Glycolytic - the breakdown of glucose by enzymes into pyruvic and lactic acids with the release of energy (ATP).
Phosphagen - the use of creatine phosphate stored in the muscles to generate energy (ATP).
concluded from their research that 8 minutes is all you should take during track speed workouts over anything up to 800 metres - even those going deep into lactate build up.
Energy production is both time and intensity related.
Running at a very high intensity, as in sprinting, means that an athlete can operate effectively for only a very short period of time where as running at a low intensity, as in gentle jogging, means that an athlete can sustain activity for a long period of time.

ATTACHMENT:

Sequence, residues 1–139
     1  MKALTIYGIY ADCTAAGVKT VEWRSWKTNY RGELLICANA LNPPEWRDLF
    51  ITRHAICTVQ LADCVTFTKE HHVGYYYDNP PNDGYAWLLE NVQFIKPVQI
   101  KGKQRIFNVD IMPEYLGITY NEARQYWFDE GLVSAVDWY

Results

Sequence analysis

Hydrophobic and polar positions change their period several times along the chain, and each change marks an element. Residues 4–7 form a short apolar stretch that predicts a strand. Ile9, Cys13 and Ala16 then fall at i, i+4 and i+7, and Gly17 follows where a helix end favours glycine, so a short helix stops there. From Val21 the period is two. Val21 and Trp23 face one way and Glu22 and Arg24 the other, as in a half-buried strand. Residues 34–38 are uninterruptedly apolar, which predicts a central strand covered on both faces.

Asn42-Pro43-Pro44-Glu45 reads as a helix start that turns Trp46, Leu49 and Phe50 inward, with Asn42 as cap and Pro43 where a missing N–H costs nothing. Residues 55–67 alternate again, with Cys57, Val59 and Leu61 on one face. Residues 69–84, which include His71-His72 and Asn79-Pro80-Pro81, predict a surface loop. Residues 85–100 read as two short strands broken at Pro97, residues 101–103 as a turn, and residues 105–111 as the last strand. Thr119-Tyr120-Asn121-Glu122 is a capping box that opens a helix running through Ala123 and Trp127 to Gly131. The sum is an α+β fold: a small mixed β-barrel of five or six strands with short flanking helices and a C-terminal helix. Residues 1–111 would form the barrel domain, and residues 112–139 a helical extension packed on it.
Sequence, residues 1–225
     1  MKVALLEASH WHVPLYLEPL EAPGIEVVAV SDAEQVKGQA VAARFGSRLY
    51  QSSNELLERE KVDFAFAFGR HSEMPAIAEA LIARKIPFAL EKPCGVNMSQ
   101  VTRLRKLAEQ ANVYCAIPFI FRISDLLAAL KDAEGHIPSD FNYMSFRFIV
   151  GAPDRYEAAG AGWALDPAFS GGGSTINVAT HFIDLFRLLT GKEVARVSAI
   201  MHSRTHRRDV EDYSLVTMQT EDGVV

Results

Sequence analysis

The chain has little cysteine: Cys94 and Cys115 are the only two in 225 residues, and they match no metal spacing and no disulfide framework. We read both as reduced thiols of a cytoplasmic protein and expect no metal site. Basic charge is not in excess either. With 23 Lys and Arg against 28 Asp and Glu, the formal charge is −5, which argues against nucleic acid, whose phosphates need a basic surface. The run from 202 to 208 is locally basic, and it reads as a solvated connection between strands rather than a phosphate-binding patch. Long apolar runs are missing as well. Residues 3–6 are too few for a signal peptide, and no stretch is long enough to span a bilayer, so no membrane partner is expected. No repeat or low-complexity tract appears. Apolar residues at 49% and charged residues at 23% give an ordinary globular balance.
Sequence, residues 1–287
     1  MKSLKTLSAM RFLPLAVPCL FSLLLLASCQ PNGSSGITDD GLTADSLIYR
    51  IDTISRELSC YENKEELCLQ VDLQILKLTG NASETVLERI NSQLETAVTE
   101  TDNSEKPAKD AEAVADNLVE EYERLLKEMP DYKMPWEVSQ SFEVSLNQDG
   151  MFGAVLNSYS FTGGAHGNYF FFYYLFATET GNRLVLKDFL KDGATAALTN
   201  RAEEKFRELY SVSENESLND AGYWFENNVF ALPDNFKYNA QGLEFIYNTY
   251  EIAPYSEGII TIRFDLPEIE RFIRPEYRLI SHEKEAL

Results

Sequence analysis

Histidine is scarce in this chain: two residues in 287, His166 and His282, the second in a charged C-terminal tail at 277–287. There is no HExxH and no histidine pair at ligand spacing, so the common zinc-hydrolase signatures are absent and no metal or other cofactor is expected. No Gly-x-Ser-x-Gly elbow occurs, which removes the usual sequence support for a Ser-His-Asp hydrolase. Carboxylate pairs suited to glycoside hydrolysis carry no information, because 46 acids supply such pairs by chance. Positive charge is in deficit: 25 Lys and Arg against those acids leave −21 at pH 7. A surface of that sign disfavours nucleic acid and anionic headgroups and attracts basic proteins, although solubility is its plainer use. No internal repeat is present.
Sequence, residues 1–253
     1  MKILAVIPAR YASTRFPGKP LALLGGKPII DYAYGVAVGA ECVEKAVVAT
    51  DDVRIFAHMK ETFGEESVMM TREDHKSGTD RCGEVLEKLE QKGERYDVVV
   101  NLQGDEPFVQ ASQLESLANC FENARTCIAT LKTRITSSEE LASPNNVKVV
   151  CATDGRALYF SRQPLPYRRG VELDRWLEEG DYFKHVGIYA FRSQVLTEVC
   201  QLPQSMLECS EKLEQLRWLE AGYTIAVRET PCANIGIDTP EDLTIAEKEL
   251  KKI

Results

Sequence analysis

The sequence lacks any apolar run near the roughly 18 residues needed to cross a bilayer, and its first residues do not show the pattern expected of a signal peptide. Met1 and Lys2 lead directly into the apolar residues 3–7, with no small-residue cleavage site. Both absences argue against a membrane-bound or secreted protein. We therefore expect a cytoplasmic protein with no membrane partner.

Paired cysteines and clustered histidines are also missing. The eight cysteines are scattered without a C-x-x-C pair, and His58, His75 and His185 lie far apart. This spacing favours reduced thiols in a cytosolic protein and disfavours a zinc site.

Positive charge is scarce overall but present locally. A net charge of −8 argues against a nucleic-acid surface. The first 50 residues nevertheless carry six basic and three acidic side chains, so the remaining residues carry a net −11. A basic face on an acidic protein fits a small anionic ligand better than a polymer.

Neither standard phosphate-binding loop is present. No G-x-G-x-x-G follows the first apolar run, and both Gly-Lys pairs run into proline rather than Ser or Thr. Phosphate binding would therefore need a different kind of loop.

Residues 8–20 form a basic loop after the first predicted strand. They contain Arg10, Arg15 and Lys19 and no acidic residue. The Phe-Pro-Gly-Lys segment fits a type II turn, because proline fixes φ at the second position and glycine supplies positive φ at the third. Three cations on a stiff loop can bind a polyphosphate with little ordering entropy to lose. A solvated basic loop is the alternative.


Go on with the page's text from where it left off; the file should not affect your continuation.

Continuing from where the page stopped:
The breakdown of glucose or glycogen in anaerobic conditions results in the production of lactate and hydrogen ions.
The accumulation of hydrogen ions is the limiting factor causing fatigue in runs of 300 metres to 800 metres.
The cost of replacing batteries varies depending on the design and scale of the system.
Any back-up generator will also have its own fuel and maintenance costs.
The thresholds (T) indicate the point at which the energy system is exhausted - training will improve the thresholds times.
Adenosine Triphosphate (ATP) stores in the muscle last for approximately 2 seconds and the resynthesis of ATP from Creatine Phosphate (CP) will continue until CP stores in the muscles are depleted, approximately 4 to 6 seconds.
Wind turbines harness the power of the wind and use it to generate electricity.
About 40 per cent of all wind energy in Europe blows over the UK, making it an ideal country for domestic turbines (known as micro-wind or small-wind turbines).
Actively contracting muscles obtain ATP from glucose stored in the blood stream and the breakdown of glycogen stored in the muscles.